We are happy to announce that Stripe is now available as a new payment gateway for an even more easier payments! Stripe is a popular payment service provider for eCommerce stores worldwide, and is our payment processor of choice.
We are really happy to be reviewed by the experts at WebsitePlanet.
Web hosting is an interesting term in the sense that nearly everyone has used it at one point or another. And yet, not many people truly understand what web hosting really is, let alone how it works.
This is rather unfortunate, as web hosting is, quite literally, what holds our entire online world together. Knowing the ins and outs of it is certainly not a bad idea.
We’re proud to announce that we have received the Great Uptime Award by HostAdvice. Being anonymously tested by HostAdvice for 2 months, our hosting services have successfully passed their uptime test. It’s a great honor that we are being continuously recognized by different third parties this year. We would like to thank HostAdvice for acknowledging our great uptime and thank our engineers and technical staff for their important contributions.
For all too many companies, it’s not until after a breach has occurred that web security becomes a priority. During my years working as an IT Security professional, I have seen time and time again how obscure the world of IT Security is to so many of my fellow programmers.
An effective approach to IT security must, by definition, be proactive and defensive. Toward that end, this post is aimed at sparking a security mindset, hopefully injecting the reader with a healthy dose of paranoia.
In particular, this guide focuses on 10 common and significant web security pitfalls to be aware of, including recommendations on how they can be avoided. The focus is on the Top 10 Web Vulnerabilities identified by the Open Web Application Security Project (OWASP), an international, non-profit organization whose goal is to improve software security across the globe.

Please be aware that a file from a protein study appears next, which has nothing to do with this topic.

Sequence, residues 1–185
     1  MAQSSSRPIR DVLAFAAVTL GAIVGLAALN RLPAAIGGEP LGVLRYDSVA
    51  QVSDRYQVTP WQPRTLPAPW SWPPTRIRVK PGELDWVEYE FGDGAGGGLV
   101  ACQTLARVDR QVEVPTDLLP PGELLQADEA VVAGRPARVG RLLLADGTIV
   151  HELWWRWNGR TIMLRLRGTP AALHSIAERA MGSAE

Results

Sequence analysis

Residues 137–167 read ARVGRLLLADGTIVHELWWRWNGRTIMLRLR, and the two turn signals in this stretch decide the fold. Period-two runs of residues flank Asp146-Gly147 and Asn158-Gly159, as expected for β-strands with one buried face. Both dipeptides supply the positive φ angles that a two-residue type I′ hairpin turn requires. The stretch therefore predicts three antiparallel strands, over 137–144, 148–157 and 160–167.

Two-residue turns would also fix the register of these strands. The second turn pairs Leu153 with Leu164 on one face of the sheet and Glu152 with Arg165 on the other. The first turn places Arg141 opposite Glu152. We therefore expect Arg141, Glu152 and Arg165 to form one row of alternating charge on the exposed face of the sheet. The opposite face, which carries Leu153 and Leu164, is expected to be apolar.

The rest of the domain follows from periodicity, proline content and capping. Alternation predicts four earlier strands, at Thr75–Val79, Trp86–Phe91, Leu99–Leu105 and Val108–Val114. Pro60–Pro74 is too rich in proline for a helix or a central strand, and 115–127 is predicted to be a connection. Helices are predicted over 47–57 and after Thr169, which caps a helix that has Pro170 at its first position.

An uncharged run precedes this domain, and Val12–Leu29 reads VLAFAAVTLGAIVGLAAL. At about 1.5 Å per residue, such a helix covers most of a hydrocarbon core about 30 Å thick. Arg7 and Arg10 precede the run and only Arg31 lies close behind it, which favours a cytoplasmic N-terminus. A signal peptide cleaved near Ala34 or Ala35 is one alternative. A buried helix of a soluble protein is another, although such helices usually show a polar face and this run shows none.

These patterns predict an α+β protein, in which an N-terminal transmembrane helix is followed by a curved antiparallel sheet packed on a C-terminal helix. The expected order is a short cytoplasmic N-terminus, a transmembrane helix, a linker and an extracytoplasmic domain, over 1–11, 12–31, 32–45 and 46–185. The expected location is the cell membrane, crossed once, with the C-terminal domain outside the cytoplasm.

A little web security primer before we start – authentication and authorization
When speaking with other programmers and IT professionals, I often encounter confusion regarding the distinction between authorization and authentication. And of course, the fact the abbreviation auth is often used for both helps aggravate this common confusion. This confusion is so common that maybe this issue should be included in this post as “Common Web Vulnerability Zero”.
So before we proceed, let’s clearly the distinction between these two terms:
Authentication: Verifying that a person is (or at least appears to be) a specific user, since he/she has correctly provided their security credentials (password, answers to security questions, fingerprint scan, etc.).
Authorization: Confirming that a particular user has access to a specific resource or is granted permission to perform a particular action.
Stated another way, authentication is knowing who an entity is, while authorization is knowing what a given entity can do.